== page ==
• Use mechanical devices where possible e.g. trolleys, pallet movers, FLT's, conveyors, scissor lifts,etc.
  • Train staff in safe lifting techniques.
  • Consider breaking up loads to make them more manageable or the use of two or more people for certain jobs.
  • Ensure aisles are of sufficient width and consider raising the height of any working platforms to reduce the need to bend or twist.

Slips, Trips and Falls

Uneven, slippery or obstructed floor surfaces, trailing cables and poor general housekeeping may lead to accidents.

Managing the risk:

  • Keep passageways, stairs and delivery areas clear.
  • Dispose of loose packaging and bindings properly.
  • Clean up spillages immediately and display warning notices.
  • Fasten cables securely to the floor or re-route overhead if possible.

Hazardous Substances

Certain items of stock (and some chemicals used for cleaning) may be classified as hazardous or highly flammable. Exposure to some of these chemicals through leaks or spillages could cause burns, dermatitis or could be harmful if inhaled.

Managing the risk:

  • Obtain information on the risks associated with all substances stored and used on the premises from the manufacturer's hazard data sheet.
  • Provide special storage conditions if necessary e.g. a fire resistant store or cabinet.
  • Inspect substances on delivery to ensure packaging is intact, devise safe handling procedures and store in original containers.
  • Devise a procedure for handling damaged containers and for cleaning up spillages.
  • Provide staff with training and if necessary, protective clothing (e.g. gloves)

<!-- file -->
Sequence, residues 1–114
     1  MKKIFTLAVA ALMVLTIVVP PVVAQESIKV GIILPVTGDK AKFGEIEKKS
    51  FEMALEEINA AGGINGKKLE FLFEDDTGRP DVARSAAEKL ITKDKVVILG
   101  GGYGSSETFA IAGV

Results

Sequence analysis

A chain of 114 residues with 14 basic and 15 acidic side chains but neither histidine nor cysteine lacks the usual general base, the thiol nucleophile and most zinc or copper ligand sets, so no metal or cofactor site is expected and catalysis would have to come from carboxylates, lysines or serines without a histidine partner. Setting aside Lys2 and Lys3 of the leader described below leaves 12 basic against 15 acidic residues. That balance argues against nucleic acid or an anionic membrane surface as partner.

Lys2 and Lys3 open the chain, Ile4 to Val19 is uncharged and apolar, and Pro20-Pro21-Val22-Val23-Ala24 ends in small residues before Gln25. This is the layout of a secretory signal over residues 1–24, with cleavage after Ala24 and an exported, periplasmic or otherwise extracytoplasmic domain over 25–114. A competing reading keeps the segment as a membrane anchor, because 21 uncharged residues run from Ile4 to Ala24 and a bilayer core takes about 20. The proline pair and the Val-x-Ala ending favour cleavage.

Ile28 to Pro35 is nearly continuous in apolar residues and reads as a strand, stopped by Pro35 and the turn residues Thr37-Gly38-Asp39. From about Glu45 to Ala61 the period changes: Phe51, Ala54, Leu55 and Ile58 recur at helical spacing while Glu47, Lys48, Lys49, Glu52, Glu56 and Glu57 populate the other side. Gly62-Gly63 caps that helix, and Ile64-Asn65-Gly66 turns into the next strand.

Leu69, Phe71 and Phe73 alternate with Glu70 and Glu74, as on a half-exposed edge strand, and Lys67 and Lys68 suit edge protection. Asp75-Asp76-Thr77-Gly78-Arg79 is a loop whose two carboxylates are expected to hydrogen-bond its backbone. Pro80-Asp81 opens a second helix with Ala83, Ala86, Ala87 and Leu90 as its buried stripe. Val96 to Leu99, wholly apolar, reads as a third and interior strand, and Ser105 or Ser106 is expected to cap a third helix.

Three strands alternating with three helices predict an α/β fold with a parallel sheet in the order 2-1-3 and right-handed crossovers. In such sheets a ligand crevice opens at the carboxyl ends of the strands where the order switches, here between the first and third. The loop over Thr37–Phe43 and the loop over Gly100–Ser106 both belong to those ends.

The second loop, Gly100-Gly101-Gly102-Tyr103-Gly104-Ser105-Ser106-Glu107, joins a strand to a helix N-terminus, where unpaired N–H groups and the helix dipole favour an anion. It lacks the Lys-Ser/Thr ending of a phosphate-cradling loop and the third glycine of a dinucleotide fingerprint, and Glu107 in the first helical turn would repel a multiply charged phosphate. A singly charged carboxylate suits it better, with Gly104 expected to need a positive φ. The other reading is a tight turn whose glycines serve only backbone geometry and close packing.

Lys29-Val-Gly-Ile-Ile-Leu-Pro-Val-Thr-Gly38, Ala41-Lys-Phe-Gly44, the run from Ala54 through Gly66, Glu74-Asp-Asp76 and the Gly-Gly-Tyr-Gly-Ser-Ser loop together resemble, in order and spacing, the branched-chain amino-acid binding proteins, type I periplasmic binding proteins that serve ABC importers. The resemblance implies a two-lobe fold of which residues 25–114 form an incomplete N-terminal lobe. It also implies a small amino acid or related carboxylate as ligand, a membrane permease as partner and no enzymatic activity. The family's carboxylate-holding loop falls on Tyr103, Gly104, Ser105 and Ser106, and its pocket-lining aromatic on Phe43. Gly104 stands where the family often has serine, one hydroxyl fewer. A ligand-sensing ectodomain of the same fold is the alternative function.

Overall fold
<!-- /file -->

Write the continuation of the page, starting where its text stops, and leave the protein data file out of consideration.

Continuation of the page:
FLT's, conveyers, compressors, etc used in some warehouses could give rise to potentially hazardous levels of noise.

Managing the risk:

  • If when people speaking normally have difficulty being heard clearly by someone who is about 2m away, then you should arrange for a noise assessment to be carried out.
  • If this assessment confirms that hazardous levels do exist, then you will need to reduce exposure by quietening machinery or by limiting the time spent by staff in noisy areas.
  • If ear protectors are necessary, ensure that audible warnings e.g. on FLT's can still be heard.

Fire Risks

Obstructed exit routes, e.g. by stock and/or accumulations of packaging can prevent escape and provide fuel for fires.

Managing the risk:

  • Clearly mark escape routes e.g. using painted lines and signs.
  • Keep all escape routes and fire exits clear and dispose of rubbish regularly.


Accidents are mainly due to misuse of, or badly maintained equipment.

Managing the risk:

  • The electrical system and all equipment should be inspected regularly and properly maintained.
  • All electrical switchgear controlling machinery should be clearly labelled and readily accessible.

Cold Stores

Accidents arising form cold stores include: accidental locking in, over exposure to cold conditions, slips and falls due to ice build up and accidental release of refrigerant.

Managing the risk:

  • Ensure the refrigeration system is designed to BS 4434 and that it is properly maintained.
  • Only allow access to authorized persons.
  • Provide an emergency exit, capable of being opened from inside at all times, and a trapped man alarm.
  • Provide adequate protective clothing, e.g. thermal undergarments, socks, insulated suits/jackets, gloves and boots.
  • Allow staff to take regular breaks in a warm area.
  • Keep doors closed to minimize ice build up. Regularly check for, and remove, any ice.
  • Ensure persons required to work in very cold conditions do not suffer from a medical condition likely to be made worse by the temperatures (carry out a pre-employment medical check)
  • Devise a clear emergency procedure to be followed should refrigerant be accidentally released, which includes evacuation, rescue, first aid, plant isolation, etc.